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Canada is not longer in the asbestos business but its message is clear: if you can make money from a hazardous substance, then oppose safety requirements.
Kathleen Ruff is co-coordinator of ROCA (Rotterdam Convention Alliance) and will be attending the Geneva conference.
In February last year, an Italian court sentenced two asbestos industrialists to 16 years in prison for criminal conduct in having for years covered up the hazards of asbestos and failed to implement safety measures.
As a result of this coverup, thousands of workers and nearby residents of their Eternit asbestos-cement factory at Casale, Italy, died painful deaths from asbestos-related diseases. And the death toll at Casale continues to rise.
Yet the asbestos industry is fighting to carry on this same deadly coverup today. To date, Canada has been the industry’s chief political ally in achieving this goal. But this is about to change.
At the UN Rotterdam Convention conference in Geneva this coming week, asbestos lobbyists will be working to defeat the recommendation of the convention’s expert scientific committee to put chrysotile asbestos on the convention’s list of hazardous substances.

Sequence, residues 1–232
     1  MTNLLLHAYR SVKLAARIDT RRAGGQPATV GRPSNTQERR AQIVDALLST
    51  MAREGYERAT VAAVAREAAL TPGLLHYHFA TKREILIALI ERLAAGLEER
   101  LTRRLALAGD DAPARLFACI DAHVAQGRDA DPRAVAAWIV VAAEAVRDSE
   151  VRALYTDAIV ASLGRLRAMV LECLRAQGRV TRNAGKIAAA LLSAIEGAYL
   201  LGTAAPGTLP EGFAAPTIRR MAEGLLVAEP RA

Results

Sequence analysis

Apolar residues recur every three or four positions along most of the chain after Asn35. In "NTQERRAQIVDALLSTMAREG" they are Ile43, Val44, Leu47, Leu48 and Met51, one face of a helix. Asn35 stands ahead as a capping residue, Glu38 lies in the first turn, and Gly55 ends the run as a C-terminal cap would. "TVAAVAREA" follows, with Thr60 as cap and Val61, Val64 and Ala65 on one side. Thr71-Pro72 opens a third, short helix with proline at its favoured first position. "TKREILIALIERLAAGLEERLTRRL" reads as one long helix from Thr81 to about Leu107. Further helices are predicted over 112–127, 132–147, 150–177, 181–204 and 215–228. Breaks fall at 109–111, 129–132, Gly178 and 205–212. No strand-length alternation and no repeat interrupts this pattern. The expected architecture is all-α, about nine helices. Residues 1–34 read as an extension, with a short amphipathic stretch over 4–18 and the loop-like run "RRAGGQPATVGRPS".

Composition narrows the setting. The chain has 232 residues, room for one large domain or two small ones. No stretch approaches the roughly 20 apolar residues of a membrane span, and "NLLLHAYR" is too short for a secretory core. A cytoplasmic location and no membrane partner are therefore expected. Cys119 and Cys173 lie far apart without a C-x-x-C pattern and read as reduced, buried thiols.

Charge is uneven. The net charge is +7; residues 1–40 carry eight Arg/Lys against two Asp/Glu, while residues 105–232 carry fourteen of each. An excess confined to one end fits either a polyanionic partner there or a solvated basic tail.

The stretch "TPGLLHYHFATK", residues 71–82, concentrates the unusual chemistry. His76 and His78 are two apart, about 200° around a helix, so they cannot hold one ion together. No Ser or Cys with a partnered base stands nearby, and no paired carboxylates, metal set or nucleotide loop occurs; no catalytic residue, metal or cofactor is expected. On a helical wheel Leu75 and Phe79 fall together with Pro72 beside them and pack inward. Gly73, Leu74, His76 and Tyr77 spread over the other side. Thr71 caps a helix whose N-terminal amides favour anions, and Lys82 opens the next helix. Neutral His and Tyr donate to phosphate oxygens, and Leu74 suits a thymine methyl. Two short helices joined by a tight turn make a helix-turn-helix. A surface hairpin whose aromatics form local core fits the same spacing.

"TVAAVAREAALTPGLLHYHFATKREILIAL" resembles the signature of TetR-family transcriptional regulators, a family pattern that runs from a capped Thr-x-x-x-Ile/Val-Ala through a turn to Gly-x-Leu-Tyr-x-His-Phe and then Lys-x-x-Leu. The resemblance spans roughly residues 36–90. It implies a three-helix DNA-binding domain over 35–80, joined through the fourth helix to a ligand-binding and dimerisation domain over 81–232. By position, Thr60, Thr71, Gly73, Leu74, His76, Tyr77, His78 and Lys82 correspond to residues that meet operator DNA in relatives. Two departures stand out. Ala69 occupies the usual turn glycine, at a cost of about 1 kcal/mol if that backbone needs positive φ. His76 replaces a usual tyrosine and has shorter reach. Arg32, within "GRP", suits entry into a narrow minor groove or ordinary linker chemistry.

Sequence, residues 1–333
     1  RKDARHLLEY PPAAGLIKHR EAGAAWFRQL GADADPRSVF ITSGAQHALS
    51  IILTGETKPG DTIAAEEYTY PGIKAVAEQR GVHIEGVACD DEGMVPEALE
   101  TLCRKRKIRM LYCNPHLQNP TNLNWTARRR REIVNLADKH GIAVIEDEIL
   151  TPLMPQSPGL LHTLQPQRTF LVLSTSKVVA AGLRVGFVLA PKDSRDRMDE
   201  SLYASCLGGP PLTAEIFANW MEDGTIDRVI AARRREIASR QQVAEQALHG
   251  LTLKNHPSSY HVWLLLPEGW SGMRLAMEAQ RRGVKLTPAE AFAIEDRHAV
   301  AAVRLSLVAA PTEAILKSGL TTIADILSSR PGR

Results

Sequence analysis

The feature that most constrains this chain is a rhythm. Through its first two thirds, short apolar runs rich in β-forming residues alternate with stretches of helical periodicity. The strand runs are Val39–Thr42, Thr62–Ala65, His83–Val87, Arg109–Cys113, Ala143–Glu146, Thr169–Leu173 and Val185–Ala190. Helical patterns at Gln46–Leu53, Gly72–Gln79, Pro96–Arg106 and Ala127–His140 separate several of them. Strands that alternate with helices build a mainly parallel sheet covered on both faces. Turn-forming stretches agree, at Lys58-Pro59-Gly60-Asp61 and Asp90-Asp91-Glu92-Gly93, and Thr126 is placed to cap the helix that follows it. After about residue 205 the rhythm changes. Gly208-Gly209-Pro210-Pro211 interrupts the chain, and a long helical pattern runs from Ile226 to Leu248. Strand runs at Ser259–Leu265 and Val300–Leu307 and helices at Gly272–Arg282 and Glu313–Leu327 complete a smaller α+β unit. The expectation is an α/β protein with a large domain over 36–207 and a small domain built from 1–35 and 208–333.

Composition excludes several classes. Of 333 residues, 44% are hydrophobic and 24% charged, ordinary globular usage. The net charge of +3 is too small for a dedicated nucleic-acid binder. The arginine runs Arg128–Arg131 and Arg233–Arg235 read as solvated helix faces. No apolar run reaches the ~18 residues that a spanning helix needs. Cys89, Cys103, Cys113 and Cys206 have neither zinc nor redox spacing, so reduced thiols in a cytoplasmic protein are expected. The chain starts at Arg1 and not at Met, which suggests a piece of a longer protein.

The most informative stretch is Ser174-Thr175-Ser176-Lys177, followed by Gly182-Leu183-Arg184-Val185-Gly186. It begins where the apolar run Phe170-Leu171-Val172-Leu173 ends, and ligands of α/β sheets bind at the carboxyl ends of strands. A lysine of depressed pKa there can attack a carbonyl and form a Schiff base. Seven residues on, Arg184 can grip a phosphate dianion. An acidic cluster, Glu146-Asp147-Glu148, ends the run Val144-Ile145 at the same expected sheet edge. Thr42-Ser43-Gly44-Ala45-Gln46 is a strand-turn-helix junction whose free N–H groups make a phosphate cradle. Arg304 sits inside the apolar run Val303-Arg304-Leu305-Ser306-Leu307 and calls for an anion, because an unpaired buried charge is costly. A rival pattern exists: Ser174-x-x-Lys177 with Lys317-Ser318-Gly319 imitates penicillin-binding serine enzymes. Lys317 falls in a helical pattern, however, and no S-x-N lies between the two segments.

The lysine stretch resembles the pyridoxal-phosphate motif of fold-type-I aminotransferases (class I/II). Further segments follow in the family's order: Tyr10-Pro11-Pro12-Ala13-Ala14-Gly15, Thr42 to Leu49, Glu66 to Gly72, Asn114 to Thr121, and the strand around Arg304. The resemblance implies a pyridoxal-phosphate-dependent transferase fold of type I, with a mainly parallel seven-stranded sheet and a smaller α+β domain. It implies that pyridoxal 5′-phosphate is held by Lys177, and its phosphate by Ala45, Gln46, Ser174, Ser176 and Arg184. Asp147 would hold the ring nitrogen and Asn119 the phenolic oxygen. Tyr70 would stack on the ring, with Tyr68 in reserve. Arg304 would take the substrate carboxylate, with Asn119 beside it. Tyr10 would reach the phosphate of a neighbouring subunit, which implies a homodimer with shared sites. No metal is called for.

The convention does not ban trade in hazardous substances; it simply requires that countries act responsibly and obtain prior informed consent before shipping a listed hazardous substance to another country. This allows developing countries — where asbestos and most hazardous substances are shipped nowadays — to be informed of the dangers. They thus have the right to refuse the product or, at least, have a better chance of protecting their population from harm.
This will be the fourth time that the recommendation to list chrysotile asbestos as hazardous will be presented to the UN conference. Chrysotile asbestos represents 95 per cent of all asbestos used over the past century. The scientific consensus is clear that all forms of asbestos cause deadly diseases. Other forms of asbestos are already on the convention’s list but not chrysotile asbestos, representing 100 per cent of the global asbestos trade today.
At previous conferences, Canada played the role of saboteur-in-chief, refusing to allow chrysotile asbestos to be put on the list. Even though chrysotile asbestos is listed as a hazardous substance under Canadian law, Canada maintained that, once it left Canadian shores (as virtually all of it did because Canadians did not want asbestos in their homes and schools), it should no longer be treated as a hazardous substance.
At the last conference in 2011, when, finally, consensus had been reached to list chrysotile asbestos, Canada alone refused consent, single-handedly blocking the listing.
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